Critical Intel

Critical Intel
This Republican Video Game is the Elephant in the Room

Robert Rath | 4 Sep 2014 16:00
Critical Intel - RSS 2.0
090214_CriticalIntel_3x3

In some ways, you have to feel bad for the Republican Party.

Demographics have put them between a rock and a hard place - their social conservatism attracts older voters but turns off younger ones, and catering specifically to the youth vote risks alienating their base. Worse still, efforts to redefine and evolve conservatism for the next generation have mostly fallen flat or met a lukewarm response, with incumbents too nervous to make the overhauls they need for big boosts. Short-term concerns keep making them kick the can on long-term problems.

So instead of a policy shift, we get 2014 Mission Majority, a video game the National Republican Senatorial Committee ("NRSC") hopes will encourage young voters to donate to Republican efforts in the midterm elections and join up as campaign volunteers.

There's a problem, though: Mission Majority is awful. It's slapdash beyond belief, and it's hard to pinpoint the game's intended audience. And ironically, for a game that preaches fiscal conservatism, it comes off as an eyebrow-raising waste of money.

Before we get to why, I'd like to say that I think the NRSC's idea was basically a sound one. Advertising politics through games is nothing new. The Obama campaign bought in-game ad space in several games, including Need for Speed: Carbon and Madden NFL 13. Further, creating games as political ads makes sense. Even simple games can make sophisticated arguments, and because games allow us to play out different scenarios, they're ideal for communicating the consequences of choice. Games also have an inherent "cool" factor with young people, especially if it's either well-produced (like 7 Up's Cool Spot) or has a winking in-joke feel (Burger King's Sneak King). That's largely how ads work - they either have to be slick or funny, and everything in the middle dies.

2014 Mission Majority is neither slick nor funny.

The problems start with the title. Shouldn't it be Mission: Majority, in the same way the TV show was Mission: Impossible? Without that colon in the center the phrase is meaningless, even more so when you add the 2014 in front of it. Normally I wouldn't criticize a game over an ungrammatical title, but it's indicative of the game's lazy design philosophy that they couldn't even get the title right.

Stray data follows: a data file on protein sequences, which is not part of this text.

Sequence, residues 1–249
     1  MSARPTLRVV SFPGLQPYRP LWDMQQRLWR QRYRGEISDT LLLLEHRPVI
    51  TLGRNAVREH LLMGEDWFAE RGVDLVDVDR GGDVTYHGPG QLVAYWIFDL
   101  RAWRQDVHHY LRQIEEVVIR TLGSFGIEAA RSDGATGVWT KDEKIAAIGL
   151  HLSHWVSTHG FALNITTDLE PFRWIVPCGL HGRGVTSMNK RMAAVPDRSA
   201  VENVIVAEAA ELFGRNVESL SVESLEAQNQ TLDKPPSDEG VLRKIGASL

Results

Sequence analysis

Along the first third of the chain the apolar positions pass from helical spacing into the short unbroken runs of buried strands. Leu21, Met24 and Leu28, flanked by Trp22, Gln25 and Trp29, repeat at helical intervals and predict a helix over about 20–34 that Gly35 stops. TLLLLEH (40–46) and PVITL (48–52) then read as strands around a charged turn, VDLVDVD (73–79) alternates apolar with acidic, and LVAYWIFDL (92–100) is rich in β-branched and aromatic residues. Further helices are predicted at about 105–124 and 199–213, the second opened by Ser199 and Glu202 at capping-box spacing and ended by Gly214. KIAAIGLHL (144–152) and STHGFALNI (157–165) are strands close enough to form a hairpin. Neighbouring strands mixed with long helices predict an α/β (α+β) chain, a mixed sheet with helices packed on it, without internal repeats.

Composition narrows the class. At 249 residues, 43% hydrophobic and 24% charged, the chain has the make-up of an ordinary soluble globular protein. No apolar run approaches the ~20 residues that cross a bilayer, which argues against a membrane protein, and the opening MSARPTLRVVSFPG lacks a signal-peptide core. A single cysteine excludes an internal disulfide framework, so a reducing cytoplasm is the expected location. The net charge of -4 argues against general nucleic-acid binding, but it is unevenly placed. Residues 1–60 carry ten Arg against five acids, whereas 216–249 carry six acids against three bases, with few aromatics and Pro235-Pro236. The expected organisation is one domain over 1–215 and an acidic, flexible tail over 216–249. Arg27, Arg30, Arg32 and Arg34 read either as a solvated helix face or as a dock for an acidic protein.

Then there's the paywall. When you visit the site, you're confronted with a mandatory login screen forcing you to link the site with your Facebook, Google+ or email account. It's a backward design decision. The point of the game - presumably - is to recruit new donors and volunteers, but by asking them to make that commitment before allowing them to play the game, you're going to lose people right from the start. Advertising is supposed to entice and convince someone into buying a product - but Mission Majority holds back its content until you pay them with your contact details. I'm willing to bet that if you looked at the metrics for Mission Majority you'd find that most visitors never make it past the sign-in screen.

Once you sign in, (with 10 Minute Mail, in my case) it quickly becomes apparent that Mission Majority is not a subtle experience. A brief introduction screen introduces you to your player character Giopi - "GOP," get it? - a pixelated elephant in a red white and blue muscle shirt and sweatband. Giopi's mission is to collect golden keys that will "unlock the Senate" for the Republican Party.

The game tells me that these keys represent campaign volunteers, but I don't see the connection unless the NRSC locks volunteers in the phone bank until they've called enough numbers.

In any case, to advance to the next level, Giopi has to collect three golden keys while avoiding the Goomba-like Taxers - "job-destroying" tax bills that Harry Reid and Obama sent to stop him.

"Jumping on top of them suppresses their high taxes," Mission Majority adds, in a line no comedy show could top.

Two things become clear as soon as you drop into the game: first, that Mission Majority was finished on a quick turnaround, and second, that this game is changing no one's mind about the Republican party.

I'm tempted to call Mission Majority a Super Mario Bros. clone, but that might give the impression that it retains design elements that make the Mario series fun. It's more like one of those edutainment knockoffs that's supposed to teach you Bible trivia. Like Mario, Giopi runs, jumps and kills enemies by stomping on them, but all the little touches are removed. Giopi's run speed doesn't vary, he has no scoot motion when changing direction, and his jumps are leaden with a high arc. The last example creates the worst problem in the game, since the Taxers are significantly taller than Goombas, leaving little room for error when you splat them. This jump distance goes from annoying to maddening once you realize that the game doesn't progress left to right, but instead climbs upwards. Giopi's hops are barely adequate to clear the gaps between platforms, and the game likes to put enemies on small platforms to restrict landing space. If you fall you'll rarely stop partway, but plummet straight to the ground where you'll begin the climb anew. The difficulty curve is so punishing that I never fully got the hang of it until my second playthrough. There's huge potential for players to rage quit before they get to the donation and volunteer sign-up page.

RELATED CONTENT
Comments on